As part of their police brutality series, NewsOne delves behind the Blue Line to speak with Officer Nicalle Edwards, a police officer with the DCHD Police Department in Dallas, Texas, to examine the intricacies of the law enforcement and Black civilian relationship. Here, her honest answers prove that Blue often trumps Black and that distrust — and anger — dwell on both sides of the badge.
NewsOne: What led you to law enforcement?
Officer Nicalle Edwards: Ah! The age-old question. The truth? My mother married a man who beat us and molested me. I vowed to never be a victim again. I want to save some child that can’t save his/herself. So yes, I became a cop to make a difference. It may be a cliche, but as the young people would say, “It’s real talk.”
NewsOne: Do you ever feel compelled to speak out about police brutality? If not, why not? If so, how?
Officer Edwards: Fortunately, I haven’t had to deal with any police brutality cases. It is not as prevalent as you might think. The few cases that I’ve seen from neighboring departments have been dealt with expeditiously. I hold myself and my fellow officers to a high standard, and I personally don’t have an issue with reporting behavior that is unbecoming of an officer.
NewsOne: Police brutality is something that is rampant in the Black community. It is a fact that there is a long history of it — maybe not in your department, but around the country. Are you suggesting that police brutality occurs primarily because of Black citizens, not the police?
Officer Edwards: I’m not saying for one minute that cops are not responsible for the negative stigma that surrounds us. Cops are ever evolving, just like the world. Cops are a reflection of its community. I can honestly say that times are changing…in a positive way. Police officers are required to get more education and citizens are also becoming more knowledgeable of the criminal justice system, which bridges the gap of ignorance.
NewsOne: How can the negative attitudes many police officers have toward Black people be changed?
Officer Edwards: The only way any racist’s attitudes will be changed is through education and experience. The state of Texas mandates that all police officers attend Cultural Diversity training at least once every training cycle. This class is supposed to teach racial sensitivity, but what it boils down to is upbringing. If you were raised to be a racist, all of the training in the world won’t help you.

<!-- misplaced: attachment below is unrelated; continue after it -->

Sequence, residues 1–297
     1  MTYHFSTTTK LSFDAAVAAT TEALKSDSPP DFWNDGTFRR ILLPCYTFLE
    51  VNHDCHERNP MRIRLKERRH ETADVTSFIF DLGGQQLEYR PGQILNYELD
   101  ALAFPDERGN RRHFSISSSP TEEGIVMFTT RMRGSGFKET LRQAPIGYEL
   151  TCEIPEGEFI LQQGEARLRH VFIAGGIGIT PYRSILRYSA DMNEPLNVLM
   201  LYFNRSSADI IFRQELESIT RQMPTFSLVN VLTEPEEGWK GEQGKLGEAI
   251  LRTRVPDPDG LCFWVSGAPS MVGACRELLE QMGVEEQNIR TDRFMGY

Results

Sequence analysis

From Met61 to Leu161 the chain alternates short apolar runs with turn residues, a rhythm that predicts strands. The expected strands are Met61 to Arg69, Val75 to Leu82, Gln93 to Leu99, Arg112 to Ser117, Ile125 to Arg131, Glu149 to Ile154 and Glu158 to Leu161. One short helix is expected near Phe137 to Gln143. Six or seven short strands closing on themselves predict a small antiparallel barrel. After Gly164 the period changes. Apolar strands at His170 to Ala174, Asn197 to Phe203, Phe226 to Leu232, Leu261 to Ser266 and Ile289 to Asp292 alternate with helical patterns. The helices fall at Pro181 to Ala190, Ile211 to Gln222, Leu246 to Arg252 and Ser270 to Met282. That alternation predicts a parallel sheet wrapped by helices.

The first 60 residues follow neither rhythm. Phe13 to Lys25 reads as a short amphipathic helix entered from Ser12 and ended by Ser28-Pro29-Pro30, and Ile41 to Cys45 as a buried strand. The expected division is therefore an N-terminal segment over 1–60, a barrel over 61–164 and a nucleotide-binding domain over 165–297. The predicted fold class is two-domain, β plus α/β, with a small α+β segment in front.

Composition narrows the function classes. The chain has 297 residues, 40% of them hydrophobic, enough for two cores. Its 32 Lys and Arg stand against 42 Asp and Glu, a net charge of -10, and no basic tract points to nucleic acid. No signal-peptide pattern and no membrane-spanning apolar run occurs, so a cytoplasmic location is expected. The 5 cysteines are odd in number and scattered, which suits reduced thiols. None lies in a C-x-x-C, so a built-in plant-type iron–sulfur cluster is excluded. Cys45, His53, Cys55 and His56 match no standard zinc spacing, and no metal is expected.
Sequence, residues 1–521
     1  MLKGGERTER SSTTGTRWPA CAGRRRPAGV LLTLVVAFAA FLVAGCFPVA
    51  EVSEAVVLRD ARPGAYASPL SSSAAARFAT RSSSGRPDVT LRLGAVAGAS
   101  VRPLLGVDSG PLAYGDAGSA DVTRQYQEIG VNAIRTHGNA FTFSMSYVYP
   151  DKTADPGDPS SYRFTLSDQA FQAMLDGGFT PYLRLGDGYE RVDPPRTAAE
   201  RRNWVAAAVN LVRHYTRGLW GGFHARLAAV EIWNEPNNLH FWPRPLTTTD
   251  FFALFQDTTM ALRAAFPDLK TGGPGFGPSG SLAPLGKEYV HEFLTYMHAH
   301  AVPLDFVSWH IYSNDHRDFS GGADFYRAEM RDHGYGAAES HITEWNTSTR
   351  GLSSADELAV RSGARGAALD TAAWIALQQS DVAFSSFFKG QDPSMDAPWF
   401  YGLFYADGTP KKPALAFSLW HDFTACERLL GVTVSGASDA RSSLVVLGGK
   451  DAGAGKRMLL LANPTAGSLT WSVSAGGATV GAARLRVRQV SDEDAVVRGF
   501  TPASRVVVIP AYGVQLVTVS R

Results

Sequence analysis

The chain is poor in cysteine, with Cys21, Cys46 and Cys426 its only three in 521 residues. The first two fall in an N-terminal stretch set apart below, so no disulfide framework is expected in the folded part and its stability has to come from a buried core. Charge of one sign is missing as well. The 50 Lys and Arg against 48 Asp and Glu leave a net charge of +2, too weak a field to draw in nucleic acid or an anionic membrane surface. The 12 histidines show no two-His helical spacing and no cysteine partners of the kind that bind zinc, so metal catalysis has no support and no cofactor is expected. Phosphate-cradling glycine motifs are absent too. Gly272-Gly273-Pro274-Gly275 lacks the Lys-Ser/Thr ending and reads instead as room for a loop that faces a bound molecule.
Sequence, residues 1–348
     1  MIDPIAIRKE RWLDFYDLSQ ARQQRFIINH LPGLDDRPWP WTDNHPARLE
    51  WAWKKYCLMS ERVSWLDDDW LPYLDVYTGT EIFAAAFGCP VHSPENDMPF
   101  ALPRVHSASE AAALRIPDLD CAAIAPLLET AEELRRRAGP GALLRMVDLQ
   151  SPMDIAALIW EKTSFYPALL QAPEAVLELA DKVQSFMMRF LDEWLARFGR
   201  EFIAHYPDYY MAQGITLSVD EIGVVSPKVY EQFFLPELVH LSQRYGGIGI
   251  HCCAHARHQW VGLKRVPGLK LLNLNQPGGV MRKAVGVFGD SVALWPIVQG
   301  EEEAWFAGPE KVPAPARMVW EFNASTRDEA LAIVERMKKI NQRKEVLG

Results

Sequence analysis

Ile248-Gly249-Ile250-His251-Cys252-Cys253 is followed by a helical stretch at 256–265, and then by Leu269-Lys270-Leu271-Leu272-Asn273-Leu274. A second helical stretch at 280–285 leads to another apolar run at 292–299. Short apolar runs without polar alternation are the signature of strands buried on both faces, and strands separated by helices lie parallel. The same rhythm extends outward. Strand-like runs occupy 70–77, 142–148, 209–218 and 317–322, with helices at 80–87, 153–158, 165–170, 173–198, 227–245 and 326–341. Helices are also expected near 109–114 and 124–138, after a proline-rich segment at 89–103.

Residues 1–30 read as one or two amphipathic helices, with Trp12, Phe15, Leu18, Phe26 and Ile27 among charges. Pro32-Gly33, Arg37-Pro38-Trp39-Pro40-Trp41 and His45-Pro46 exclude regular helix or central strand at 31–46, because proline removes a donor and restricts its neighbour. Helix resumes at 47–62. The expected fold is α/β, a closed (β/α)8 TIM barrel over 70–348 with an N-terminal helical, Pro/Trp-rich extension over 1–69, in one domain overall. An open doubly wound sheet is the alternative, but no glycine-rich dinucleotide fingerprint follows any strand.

NewsOne: What is the best way to deal with rogue cops?
Officer Edwards: The best way to deal with a dishonest officer is to obtain that officer’s badge number and department info, then make a report to his/her supervisor. If you feel like that officer’s actions were criminal, you may need to contact a lawyer or the District Attorney.
Now to play devil’s advocate, ask yourself this, “Did my actions warrant his/her response? Did I comply with the ‘legal’ commands of the office (for example: promptly produce identification, proof of insurance, etc.)?”
NewsOne: Are there any ways we can learn to possibly diffuse combative situations when they happen (between law enforcement and civilians)?
Officer Edwards: When approached by a law enforcement official, remain professional at all times. In most cases, your behavior determines the outcome of an encounter. When responding to a call, the attitude of a suspect sets the tone of the exchange.
Let me give you an example: You are speeding (20 miles over the limit). I stop you and approach the vehicle. You roll down the window. I introduce myself, tell you why you were stopped, and ask for your driver’s license and proof of insurance.
You respond by promptly producing said documents. I ask where you are going and you explain that you are running late for work — all the while remaining polite.
After running a check of your criminal history and current warrants, it is determined that you have an outstanding warrant for a traffic citation in a nearby city. Because you were civil and polite, I’d use officer’s discretion and give you a warning and not arrest you for your outstanding warrant.
This would be an ideal call.
Now let’s say I approached your car and you jumped out cursing, because you are pissed that you were stopped.
This call is going to go very differently.
Depending on your actions, you may be maced or tasered. You are definitely going to jail on that warrant and you may have some new charges. Your car will be towed and your day will be spent in intake, instead of work.
The truth of the matter is that most violent encounters with the police take place because suspects become belligerent, combative, and uncooperative.
The media has a funny way of highlighting the officer’s response: omitting the incidents that led up to the suspect being subdued. This is a big reason the community fears the police.
NewsOne: What can residents do to empower themselves against negative officers in their community?